Discussion

The pathophysiology of PRES remains unclear and is a disease entity of multifactorial etiologies. Although the majority of patients present severe hypertension, others only show mild hypertension or normal blood pressure. Hypertensive encephalopathy and eclampsia which are both common causes of PRES are thought to have similar pathophysiology, clinical features and imaging finding [4, 5]. On the pathologic level, we suggest one dysfunction of the blood brain barrier by passing self-capacity of cerebral pressure perfusion or endothelial cytotoxicity, responsible for the alteration of the blood brain barrier (BBB). These two mechanisms are held responsible for a vasogenic edema in the white matter, involving the clinical and radiological manifestations of PRES [3, 6, 7]. In the case of perpartum, there are other additional mechanisms, especially capillary hyperpermeability of pregnancy, blood pressure and the role of substances modulating the vascular tone such as: hypersensitiveness to endogenous vasopressor agents, the reduction of prostaglandins and cytotoxic factor of placental origin, responsible for endothelial cell dysfunction [3]. On the topographic plan, the posterior circulation is more susceptible to infarction compared to the anterior circulation; some suggest that this is due to the reduced amount of sympathetic innervation in the posterior circulation over the anterior circulation [5].

 

PRES a recently described clinical-neuroradiological term that is associated with several medical conditions besides preeclampsia/eclampsia and hypertension e.g. renal failure, post-transplantation (Allogeneic bone marrow transplantation; solid organ transplantation), immunosuppressive therapy (Cyclosporine; Tacrolimus) autoimmune diseases (SLE; systemic sclerosis; Wegener's granulomatosis; poly arteritis nodosa), post-cancer chemotherapy and has recently shown to be associated with infection, sepsis, and shock [6,7]. There are a range of neurological presentations that often involve generalized seizures, sometimes complicated by status epilepticus, in combination with headaches, confusion, and nausea and vomiting. There may be a focal neurological deficit, such as cortical blindness, cerebellar syndrome, or hemiparesis. These presentations may lead to coma [8]. Our patient presented brief of peak hypertension followed severe headache and three successive episodes of generalized tonico-clonic convulsions. The differential diagnosis for seizures in the post-partum period includes eclampsia, subarachnoid haemorrhage, intracerebral haemorrhage, thrombotic phenomena, intracranial neoplasm, head trauma, idiopathic epilepsy, infection (meningo- encephalitis), amniotic fluid embolism, postpartum angiopathy [1]. The radiologic findings may be seen in an unenhanced Computed Tomography scan (CT scan) but MRI is a key element of diagnosis. It helps to rule out other possibilities of diagnosis: myocardial venous and arterial cerebral thrombophlebitis as well as brain encephalitis. Indeed, it expresses abnormalities of parietal, occipital and frontal cerebral cortex and even in cortical signal, hypo intensive in T1, hyper intensive in T2 and FLAIR (fluid-attenuated inversion recovery). The fast regression of the lesions showed a vasogenic edematous character of the lesions confirming the diagnosis of PRES [3, 7].The MRI findings in our patient shows zones in hypo signal T1, hyper signal T2 and flair sequences, interesting the cerebral cortex, parietal and occipital sub-cortical and the white matter. Intracranial venous sinus was permeable.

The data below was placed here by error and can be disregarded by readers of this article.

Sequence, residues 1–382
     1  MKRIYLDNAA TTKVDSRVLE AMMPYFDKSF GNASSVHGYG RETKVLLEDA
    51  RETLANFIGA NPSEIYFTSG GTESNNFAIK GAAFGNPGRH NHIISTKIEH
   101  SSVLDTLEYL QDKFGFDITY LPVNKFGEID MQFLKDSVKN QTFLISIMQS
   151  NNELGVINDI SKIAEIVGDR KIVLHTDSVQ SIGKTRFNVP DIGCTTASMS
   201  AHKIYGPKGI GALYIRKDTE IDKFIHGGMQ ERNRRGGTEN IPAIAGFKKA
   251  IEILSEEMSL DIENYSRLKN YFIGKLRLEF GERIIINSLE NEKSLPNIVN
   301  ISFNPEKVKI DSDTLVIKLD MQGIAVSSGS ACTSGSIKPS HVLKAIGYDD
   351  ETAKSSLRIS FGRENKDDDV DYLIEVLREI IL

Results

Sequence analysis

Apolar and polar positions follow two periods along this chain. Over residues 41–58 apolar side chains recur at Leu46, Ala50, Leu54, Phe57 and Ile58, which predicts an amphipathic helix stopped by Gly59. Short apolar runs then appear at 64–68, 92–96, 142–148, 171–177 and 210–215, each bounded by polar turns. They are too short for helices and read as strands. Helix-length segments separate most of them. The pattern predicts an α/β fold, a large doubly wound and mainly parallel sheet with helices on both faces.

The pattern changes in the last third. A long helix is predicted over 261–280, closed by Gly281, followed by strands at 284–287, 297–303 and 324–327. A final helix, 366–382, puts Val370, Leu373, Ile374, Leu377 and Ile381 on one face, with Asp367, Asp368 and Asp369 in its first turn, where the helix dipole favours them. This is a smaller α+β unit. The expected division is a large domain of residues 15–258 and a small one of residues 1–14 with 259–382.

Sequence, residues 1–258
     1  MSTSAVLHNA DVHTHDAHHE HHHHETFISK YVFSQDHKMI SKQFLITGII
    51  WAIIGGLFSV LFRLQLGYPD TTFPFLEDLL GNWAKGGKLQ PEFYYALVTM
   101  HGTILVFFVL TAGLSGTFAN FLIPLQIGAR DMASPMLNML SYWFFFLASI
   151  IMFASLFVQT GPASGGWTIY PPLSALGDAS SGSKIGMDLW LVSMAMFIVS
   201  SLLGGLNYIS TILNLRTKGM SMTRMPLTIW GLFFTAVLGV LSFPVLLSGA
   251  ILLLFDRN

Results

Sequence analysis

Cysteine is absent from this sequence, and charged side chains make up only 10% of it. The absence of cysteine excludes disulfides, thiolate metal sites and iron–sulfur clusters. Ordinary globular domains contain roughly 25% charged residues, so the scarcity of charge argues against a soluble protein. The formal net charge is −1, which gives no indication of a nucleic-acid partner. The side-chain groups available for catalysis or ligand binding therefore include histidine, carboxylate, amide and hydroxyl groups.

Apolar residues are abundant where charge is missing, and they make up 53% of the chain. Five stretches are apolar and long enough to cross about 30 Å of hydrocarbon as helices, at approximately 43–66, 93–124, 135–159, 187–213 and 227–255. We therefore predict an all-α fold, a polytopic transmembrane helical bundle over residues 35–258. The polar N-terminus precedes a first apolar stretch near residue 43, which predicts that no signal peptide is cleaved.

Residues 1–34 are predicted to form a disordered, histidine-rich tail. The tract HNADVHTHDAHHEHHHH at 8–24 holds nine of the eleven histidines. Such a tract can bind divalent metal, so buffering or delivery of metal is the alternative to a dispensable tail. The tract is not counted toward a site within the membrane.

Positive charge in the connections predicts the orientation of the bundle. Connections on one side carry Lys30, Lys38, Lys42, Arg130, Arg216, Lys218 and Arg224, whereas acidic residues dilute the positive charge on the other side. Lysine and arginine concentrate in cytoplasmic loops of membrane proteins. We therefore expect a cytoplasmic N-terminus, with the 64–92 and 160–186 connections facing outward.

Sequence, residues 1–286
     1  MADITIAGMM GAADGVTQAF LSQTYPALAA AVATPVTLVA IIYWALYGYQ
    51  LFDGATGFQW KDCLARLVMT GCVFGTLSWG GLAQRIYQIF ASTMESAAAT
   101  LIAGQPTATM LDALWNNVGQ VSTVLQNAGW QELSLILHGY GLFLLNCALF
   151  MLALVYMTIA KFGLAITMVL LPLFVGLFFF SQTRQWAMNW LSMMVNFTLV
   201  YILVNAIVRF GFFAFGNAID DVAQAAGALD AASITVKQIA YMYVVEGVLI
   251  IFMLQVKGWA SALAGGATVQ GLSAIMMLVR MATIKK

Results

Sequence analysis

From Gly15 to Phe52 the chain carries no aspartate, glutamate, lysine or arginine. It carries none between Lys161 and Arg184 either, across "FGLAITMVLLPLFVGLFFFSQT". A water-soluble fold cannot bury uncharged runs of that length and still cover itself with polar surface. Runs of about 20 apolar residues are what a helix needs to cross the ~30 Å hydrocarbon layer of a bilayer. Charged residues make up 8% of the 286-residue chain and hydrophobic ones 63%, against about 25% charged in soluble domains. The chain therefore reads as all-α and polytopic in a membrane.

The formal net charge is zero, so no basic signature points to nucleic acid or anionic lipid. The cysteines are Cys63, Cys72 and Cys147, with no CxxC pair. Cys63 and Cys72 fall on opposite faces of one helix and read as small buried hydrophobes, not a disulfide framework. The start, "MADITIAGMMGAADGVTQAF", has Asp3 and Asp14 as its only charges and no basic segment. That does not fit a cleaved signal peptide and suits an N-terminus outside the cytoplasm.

The mainstay of treatment of PRES is recognition and removal of the precipitating factors e.g.: control of blood pressure. Some physicians use antiepileptic drugs or magnesium sulfate to avoid the progress of seizures [6, 9]. Our patient was administrated immediately magnesium sulfate and antiepileptic (Phenobarbital) with good improvement, and was discharged with an oral antihypertensive and antiepileptic. The clinical outcome is variable but is mostly favorable with prompt treatment of the underlying cause and immediate action to identify potential triggering drugs, controlling hypertension, and treating etiology of PRES can lead to complete reversal of radiological and neurological findings. However, in few patients, PRES progresses to ischemia, infarction, or death [1, 6].

 

 

Conclusion

PRES of postpartum is still largely unknown, although it is relatively common. Its pathophysiology remains controversial, MRI is crucial for its diagnosis, and itis usually reversible. The list of conditions known to be associated with PRES is increasing steadily and studies are needed to evaluate the characteristics of PRES associated with postpartum.

 

 

Competing interests

The authors declare no competing interest.

 

 

Authors’ contributions

All authors participated in data acquisition, analysis and interpretation of data; drafting the article, revising it critically for intellectual content and approval of the final version.

 

 

Figures

Figure 1: brain MRI, hypersignal T2 and flair sequences, interesting the cerebral cortex, parietal and occipital sub-corticale

Figure 2: shows the brain MRI controle did 3 months later with disappearance the cerebral lesions

 

 

References